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--> New Priorities for Defense Manufacturing Barring unforeseen international crises, defense budgets are unlikely to increase significantly in the near future. The committee believes that the principal criterion for prioritizing manufacturing capabilities should be potential cost savings (i.e., return on investment). Capabilities that meet this criterion are those that (1) will be applicable to many weapons systems or many elements of life-cycle costs, (2) will benefit from substantial nondefense resources, (3) will address large expenditure budget items for the Department of Defense, (4) could lead to significant performance or productivity gains, (5) will address problems likely to become more important in the future, or (6) will not be developed as a result of commercial investment. Recommendation. Current Department of Defense research and development efforts in defense manufacturing should be augmented in four high-priority areas: efficient sustainment of weapons systems modeling and simulation-based design tools leveraging of commercial resources cross-cutting defense-unique production processes Recommendation. Current and future Department of Defense research and development efforts aimed at improving manufacturing capabilities for sustainment of weapons systems should emphasize the following areas: application of advanced production processes and practices to maintenance, repair, and upgrade operations technology insertion for new and existing systems self-diagnostics for mechanical and electronic systems new technologies for remanufacturing design methods that improve sustainment Recommendation. The Department of Defense should further encourage defense industry efforts to make the most of the simulation-based design environment and focus on the following activities: promote the development of models of defense products, manufacturing processes, and life-cycle performance develop algorithms for design trade-offs to optimize life-cycle costs develop enhanced and easily usable parametric models that facilitate design trade-offs at the conceptual stage initiate the development of product databases that will permit simulation at various levels of resolution

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--> Recommendation. Advances in commercial manufacturing should continue to be monitored and adapted to defense applications as appropriate. Technology road maps created by commercial industry should be used to help defense manufacturing programs keep abreast of developments and forecasts. Recommendation. The following development areas should be pursued to facilitate the widespread application of commercial, off-the-shelf (COTS) products: new weapons systems designed for open architecture and technology transparency a central program and mechanisms to maintain awareness of, document, and plan for new COTS technologies that can be incorporated into current and future weapons systems, as well as to disseminate this information to individual program offices improved methods of inserting COTS products in fielded weapons systems low-cost validation methods for determining the adequacy of COTS parts for military applications Recommendation. Defense manufacturing programs should continue to address the development and improvement of defense-unique and defense-critical processes. The following defense-unique and/or defense-critical processes have the broadest range of applications: processes that enable rate-transparent production (i.e., production where the per unit cost is independent of the production rate) processes for the low-cost fabrication of composite structures processes for the low-cost production and application of coatings and structures with low observability defense-unique electronic technologies design, information, and manufacturing technologies that provide dimensional control in the production of large, complex parts Reorienting Defense Manufacturing Programs The Department of Defense Manufacturing Technology (ManTech) Program is a joint program of the armed services and the Defense Logistics Agency. The purpose of the ManTech program is to develop manufacturing technologies for the affordable, low-risk development and production of weapons systems. The current ManTech program has six thrust areas: metals processing and manufacturing; composites processing and manufacturing; electronics processing and manufacturing; advanced industrial practices; manufacturing and engineering systems; and sustainment/readiness. The committee believes that the ManTech program is an ideal vehicle for developing many of the required defense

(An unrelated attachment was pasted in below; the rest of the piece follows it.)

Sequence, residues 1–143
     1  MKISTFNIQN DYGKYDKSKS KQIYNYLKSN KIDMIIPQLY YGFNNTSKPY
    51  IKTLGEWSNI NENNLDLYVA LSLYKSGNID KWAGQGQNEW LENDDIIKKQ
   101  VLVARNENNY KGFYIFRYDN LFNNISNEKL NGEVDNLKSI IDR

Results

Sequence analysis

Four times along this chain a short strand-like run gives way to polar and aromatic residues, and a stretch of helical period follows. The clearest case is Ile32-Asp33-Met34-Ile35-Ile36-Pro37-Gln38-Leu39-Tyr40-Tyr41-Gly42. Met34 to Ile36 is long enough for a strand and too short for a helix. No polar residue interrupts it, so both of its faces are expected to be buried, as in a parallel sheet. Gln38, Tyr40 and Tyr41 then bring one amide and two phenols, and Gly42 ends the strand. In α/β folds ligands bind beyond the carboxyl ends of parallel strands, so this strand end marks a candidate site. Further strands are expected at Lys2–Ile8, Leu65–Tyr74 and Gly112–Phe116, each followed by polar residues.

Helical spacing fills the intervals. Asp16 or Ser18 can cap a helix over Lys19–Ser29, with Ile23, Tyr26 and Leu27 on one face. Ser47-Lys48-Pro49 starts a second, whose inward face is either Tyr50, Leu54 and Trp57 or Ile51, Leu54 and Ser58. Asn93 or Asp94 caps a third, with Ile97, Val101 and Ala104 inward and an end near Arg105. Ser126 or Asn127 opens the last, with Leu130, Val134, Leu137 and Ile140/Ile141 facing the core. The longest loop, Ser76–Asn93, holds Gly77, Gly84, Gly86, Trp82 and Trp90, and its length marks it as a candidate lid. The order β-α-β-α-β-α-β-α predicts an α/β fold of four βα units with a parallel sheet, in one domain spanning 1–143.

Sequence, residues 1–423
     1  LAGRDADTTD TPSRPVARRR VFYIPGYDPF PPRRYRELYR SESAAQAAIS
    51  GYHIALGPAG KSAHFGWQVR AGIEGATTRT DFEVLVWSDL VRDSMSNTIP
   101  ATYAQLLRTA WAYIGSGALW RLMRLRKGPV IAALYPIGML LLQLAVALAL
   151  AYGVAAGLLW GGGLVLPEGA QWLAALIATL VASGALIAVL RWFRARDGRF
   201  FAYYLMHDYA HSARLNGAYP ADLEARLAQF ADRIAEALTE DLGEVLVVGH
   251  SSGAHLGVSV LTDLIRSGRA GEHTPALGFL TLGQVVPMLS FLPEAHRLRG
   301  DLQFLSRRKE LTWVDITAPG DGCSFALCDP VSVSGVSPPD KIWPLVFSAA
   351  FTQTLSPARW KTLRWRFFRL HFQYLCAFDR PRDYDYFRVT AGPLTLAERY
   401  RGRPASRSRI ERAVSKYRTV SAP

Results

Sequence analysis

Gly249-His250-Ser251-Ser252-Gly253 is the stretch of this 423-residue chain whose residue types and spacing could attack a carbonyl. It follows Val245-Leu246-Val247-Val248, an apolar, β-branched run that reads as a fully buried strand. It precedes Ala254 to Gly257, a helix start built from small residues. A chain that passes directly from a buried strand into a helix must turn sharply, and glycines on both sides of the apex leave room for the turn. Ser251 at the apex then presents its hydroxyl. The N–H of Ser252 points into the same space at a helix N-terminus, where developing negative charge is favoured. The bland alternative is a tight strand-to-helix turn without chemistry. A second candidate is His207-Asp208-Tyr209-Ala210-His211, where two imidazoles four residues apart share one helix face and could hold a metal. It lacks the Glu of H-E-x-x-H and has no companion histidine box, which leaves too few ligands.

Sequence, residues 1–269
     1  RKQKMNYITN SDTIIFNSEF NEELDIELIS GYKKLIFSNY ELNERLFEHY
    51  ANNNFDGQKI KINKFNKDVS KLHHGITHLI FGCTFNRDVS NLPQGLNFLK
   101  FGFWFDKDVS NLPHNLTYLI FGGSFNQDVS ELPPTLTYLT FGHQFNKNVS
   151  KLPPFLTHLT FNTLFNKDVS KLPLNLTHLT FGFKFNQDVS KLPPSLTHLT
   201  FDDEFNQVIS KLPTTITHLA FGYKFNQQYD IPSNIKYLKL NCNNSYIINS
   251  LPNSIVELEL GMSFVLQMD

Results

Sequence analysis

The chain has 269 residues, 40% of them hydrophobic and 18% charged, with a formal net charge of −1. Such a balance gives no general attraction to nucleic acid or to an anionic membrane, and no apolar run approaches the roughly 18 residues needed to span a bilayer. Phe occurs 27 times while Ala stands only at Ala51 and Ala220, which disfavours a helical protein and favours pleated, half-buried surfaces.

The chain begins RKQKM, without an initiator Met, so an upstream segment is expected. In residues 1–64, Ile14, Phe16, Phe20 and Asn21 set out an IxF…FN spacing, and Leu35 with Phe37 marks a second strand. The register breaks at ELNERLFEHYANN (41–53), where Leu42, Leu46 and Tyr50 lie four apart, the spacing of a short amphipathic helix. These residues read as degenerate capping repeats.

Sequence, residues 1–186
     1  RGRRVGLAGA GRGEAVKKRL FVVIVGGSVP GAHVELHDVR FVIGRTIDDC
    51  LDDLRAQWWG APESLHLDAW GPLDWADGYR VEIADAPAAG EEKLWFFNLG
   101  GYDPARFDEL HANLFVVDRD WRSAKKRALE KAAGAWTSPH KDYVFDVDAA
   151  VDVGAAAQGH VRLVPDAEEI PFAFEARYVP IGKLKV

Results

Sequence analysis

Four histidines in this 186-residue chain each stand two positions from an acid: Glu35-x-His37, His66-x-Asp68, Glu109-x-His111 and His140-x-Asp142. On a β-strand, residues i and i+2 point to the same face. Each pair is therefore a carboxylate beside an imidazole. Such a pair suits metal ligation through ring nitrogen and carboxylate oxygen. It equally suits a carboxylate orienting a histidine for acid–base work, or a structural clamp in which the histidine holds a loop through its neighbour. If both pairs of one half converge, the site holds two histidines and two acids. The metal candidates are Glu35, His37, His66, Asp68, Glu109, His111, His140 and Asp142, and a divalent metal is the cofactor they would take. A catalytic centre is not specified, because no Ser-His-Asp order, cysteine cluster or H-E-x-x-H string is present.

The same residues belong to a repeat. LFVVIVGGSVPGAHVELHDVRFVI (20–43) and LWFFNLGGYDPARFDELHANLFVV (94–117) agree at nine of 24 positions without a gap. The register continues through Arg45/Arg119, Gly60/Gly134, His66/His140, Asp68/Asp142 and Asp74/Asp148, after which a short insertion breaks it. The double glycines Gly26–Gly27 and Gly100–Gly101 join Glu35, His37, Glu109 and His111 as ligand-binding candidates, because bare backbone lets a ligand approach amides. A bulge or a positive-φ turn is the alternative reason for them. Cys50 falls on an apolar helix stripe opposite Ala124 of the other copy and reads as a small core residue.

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--> manufacturing capabilities described in this report and recommends the following ways in which the program can be reorganized to meet future demands. Recommendation. The ManTech program should play the following roles in the 2010 time frame (some of these roles require only a change in emphasis of existing roles; some are new roles that should be incorporated into the program charter): Leader in affordability. The ManTech program should be considered the primary means of achieving affordability throughout the life cycle of weapons systems. Focal point for cross-cutting defense technologies. The ManTech program should focus on projects whose results are expected to be widely applicable. Technology middleman. The ManTech program should aggressively promote the implementation and dissemination of new technologies. Information broker and planner. The ManTech program should expand its role in providing information on new technologies to the defense community. Expert in weapons systems technologies. The ManTech program should provide expertise in the technologies important to major weapons systems. Recommendation. The ManTech program should consider revising its division of effort if it is to implement the new roles and development initiatives that the committee has recommended. The following changes are recommended: Production processes. This area should remain a major thrust area, but the emphasis should be shifted toward cross-cutting technologies. Advanced industrial practices. This area should be expanded beyond industrial best practices to include technologies for enhancing cost-effectiveness. Manufacturing and engineering systems. The ManTech program should establish an initiative for the development of simulation-based design tools. Sustainment of weapons systems. This area should be greatly expanded and should be given as high a priority as production processes. Leveraging of commercial resources. The ManTech program should establish an initiative for leveraging commercial resources with an emphasis on COTS products. The committee believes that the ManTech program could be reoriented without compromising the important initiatives already under way. Investments in the ManTech program already provide a return through cost savings and cost avoidance. The recommended emphasis on projects and technologies with broad applicability should ultimately increase the return on investments.